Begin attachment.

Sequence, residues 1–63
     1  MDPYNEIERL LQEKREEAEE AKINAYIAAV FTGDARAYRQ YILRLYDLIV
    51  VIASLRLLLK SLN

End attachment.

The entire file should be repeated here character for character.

Sequence, residues 1–63
     1  MDPYNEIERL LQEKREEAEE AKINAYIAAV FTGDARAYRQ YILRLYDLIV
    51  VIASLRLLLK SLN